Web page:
The Paralympics turned golden at Olympic Stadium this weekend for a four-time Paralympian who continued his winning streak on the track. The USA wheelchair rugby team won silver after losing its first match of the Games.
Athletes connected to The Church of Jesus Christ of Latter-day Saints also set personal records or made Paralympic history for their countries on the fencing piste and in the pool in days four and five of the Games in Tokyo.
Ireland’s Jason Smyth narrowly defended his gold medal from 2016 in Rio de Janeiro, Brazil, by one hundredth of a second in the 100-meter, T13 division (for visual impairments), on Sunday, Aug. 29. His time of 10.53 seconds is his season’s best. He led during the race with Skander Athmani of Algeria narrowing in during the last 50 meters. Athmani’s time was 10.54 seconds.
It’s Smyth’s fourth consecutive Parlympic gold medal in the 100-meter, T13, race.
Smyth, 34, of Ireland, set both the world and Paralympic records of 10.46 seconds in the 2012 London Games. He won gold in the 100-meter, T13 division, in 2008 in Beijing, 2012 in London and 2016 in Rio. He was diagnosed with Stargardts disease when he was 8 years old and is legally blind.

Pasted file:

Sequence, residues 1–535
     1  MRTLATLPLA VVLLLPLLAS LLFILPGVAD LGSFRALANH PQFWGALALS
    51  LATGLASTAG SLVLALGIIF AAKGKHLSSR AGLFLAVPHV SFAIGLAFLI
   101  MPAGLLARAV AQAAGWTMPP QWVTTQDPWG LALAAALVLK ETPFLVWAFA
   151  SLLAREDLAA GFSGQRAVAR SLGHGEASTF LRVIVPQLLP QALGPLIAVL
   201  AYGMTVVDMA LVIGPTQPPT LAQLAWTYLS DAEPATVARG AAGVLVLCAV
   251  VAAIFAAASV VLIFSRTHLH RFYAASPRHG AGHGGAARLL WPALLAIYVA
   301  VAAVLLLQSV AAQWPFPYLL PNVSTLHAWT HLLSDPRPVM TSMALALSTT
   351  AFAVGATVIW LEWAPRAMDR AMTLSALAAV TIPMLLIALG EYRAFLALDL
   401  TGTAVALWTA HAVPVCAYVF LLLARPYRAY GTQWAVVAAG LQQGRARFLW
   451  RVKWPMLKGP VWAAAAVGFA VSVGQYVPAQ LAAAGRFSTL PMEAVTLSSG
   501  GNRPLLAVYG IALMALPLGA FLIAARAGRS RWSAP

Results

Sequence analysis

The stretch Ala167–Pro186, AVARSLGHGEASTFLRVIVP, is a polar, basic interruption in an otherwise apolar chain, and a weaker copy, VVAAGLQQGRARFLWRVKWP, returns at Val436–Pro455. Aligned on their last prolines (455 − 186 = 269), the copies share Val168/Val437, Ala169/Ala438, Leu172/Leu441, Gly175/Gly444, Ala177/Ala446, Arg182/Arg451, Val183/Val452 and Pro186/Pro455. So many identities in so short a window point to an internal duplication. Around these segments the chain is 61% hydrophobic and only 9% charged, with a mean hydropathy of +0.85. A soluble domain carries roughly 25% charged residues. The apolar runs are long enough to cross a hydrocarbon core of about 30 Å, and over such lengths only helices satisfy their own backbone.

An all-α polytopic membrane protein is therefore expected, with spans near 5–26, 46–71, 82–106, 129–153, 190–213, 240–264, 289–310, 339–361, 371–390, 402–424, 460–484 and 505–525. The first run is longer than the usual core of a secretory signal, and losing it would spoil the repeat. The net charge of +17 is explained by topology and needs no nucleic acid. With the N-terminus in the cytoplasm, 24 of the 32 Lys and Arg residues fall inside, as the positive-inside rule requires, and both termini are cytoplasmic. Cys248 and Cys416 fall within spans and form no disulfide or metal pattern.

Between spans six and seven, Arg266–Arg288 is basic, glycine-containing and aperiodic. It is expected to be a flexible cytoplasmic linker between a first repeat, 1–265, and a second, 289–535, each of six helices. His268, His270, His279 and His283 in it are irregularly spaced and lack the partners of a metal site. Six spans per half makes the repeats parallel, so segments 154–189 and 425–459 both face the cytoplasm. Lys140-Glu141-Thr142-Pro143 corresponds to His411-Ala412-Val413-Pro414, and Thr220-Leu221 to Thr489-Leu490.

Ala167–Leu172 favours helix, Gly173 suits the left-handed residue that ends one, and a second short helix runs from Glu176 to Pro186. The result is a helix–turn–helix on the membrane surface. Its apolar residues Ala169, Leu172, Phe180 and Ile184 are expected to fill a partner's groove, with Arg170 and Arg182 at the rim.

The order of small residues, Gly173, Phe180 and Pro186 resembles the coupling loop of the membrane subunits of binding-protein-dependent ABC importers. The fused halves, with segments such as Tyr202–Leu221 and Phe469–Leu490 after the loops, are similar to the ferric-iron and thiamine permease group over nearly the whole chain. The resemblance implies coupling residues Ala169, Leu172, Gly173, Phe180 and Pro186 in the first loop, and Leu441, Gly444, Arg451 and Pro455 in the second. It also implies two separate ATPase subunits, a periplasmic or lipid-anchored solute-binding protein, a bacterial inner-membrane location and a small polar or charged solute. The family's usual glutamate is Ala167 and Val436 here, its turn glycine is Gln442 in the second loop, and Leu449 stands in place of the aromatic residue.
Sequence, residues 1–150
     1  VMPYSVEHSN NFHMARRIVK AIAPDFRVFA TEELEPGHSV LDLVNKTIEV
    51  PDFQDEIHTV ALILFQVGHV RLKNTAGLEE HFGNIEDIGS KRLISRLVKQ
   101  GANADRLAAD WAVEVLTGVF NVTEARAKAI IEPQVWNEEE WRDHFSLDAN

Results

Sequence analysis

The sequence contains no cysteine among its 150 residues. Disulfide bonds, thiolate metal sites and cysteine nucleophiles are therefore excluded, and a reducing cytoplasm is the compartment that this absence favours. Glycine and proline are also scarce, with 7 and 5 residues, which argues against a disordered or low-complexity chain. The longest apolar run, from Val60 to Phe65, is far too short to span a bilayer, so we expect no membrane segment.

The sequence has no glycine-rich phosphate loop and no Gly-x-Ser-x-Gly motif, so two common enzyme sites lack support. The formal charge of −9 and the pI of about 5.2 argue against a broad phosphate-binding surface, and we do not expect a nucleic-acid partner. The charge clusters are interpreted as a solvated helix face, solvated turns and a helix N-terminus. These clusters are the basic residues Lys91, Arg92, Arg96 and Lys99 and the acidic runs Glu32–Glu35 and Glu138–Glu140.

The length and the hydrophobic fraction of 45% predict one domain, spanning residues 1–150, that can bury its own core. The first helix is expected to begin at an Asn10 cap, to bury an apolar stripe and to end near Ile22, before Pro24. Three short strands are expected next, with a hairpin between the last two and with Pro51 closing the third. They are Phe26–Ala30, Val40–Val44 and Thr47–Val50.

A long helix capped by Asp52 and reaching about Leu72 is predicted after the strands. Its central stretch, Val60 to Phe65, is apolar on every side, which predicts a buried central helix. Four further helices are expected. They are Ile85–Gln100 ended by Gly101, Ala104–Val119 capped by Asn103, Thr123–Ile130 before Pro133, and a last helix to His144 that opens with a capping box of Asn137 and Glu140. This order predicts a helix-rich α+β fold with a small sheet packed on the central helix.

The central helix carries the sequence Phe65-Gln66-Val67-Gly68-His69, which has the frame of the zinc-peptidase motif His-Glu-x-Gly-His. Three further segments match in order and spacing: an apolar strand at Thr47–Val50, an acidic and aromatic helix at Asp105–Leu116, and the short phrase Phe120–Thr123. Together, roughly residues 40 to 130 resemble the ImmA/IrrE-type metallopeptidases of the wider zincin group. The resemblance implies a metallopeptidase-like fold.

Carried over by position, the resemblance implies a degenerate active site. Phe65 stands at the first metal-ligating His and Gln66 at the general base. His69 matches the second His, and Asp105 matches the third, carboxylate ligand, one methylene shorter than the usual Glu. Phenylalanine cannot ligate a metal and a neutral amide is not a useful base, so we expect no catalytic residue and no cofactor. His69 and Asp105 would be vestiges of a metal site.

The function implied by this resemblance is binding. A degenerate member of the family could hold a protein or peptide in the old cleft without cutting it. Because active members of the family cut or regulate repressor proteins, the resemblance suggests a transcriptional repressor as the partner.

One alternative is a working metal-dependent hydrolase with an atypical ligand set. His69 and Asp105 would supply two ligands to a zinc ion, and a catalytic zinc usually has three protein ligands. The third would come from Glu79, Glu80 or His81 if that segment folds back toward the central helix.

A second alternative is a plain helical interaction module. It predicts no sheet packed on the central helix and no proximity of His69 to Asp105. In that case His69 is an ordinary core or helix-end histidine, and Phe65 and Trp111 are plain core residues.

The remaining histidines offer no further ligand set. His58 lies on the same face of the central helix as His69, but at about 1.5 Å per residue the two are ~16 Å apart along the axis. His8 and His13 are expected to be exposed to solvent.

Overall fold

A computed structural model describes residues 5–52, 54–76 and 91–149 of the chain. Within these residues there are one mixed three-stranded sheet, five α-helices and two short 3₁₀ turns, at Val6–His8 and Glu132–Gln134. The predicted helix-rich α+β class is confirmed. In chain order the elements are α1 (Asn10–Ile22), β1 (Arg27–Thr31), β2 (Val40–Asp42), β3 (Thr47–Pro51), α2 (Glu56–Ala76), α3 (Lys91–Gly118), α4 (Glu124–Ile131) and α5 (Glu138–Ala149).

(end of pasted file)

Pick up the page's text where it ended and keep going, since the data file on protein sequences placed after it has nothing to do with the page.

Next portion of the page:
Chile’s Margarita Faundez had a season’s best time of 5:46.50 in the 1,500-meter, T11 (for visual impairments) preliminary heats as she raced with guide Francisco Segovia on Sunday, Aug. 29. Race guides, who are connected to the runner at the hand or wrist, are required in the T11 division. She was 10th overall, and six runners will race in Monday’s final.
Faundez, 33, of Santiago, was diagnosed at 5 years old with retinitis pigmentosa, which is a degenerative eye disorder. Tokyo is her second Paraympics.
Team USA, including Josh Wheeler, won silver medals after battling Great Britain in the match for the gold medal on Sunday, Aug. 29. USA made the first try, or point, of the game but Great Britain tied and then pulled ahead. USA tied it several times in the third and fourth quarters, but Great Britain won 54-49 in the hard-fought match with wheelchairs clashing and overturning. In the preliminary pool play match on Friday, USA came from behind in the final minutes to beat Great Britain.
In the gold-medal match, Wheeler, 41, played 32 minutes — the entire match — and scoring 21 tries, plus a couple of trips to the penalty box. The Arizona resident broke his neck in a motorcycle accident 15 years ago that caused him to lose function in his lower body.
USA beat Australia 49-42 in the semifinals on Saturday, Aug. 28. Australia won gold in double overtime in 2016 at the Paralympics in Rio de Janerio, Brazil, when Team USA, including Wheeler, was the silver medalist. On Saturday, USA led in the match against Australia and Wheeler played 28 minutes, scoring nine tries.